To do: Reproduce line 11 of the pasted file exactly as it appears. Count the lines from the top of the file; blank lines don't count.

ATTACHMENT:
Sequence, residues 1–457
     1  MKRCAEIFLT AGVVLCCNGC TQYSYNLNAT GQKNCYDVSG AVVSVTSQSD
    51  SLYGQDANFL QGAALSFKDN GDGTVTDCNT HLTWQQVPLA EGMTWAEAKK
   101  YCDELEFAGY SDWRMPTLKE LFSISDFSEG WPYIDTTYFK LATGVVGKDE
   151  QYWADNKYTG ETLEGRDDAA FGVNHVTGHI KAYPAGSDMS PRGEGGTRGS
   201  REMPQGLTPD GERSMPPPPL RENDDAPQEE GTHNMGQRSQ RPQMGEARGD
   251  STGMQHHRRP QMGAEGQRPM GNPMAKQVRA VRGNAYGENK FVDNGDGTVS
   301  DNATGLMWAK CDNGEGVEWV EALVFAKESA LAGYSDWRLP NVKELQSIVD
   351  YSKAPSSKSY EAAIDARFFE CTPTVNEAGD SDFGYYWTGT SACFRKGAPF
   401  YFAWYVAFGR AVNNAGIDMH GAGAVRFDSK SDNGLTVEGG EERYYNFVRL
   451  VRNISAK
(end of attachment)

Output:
   451  VRNISAK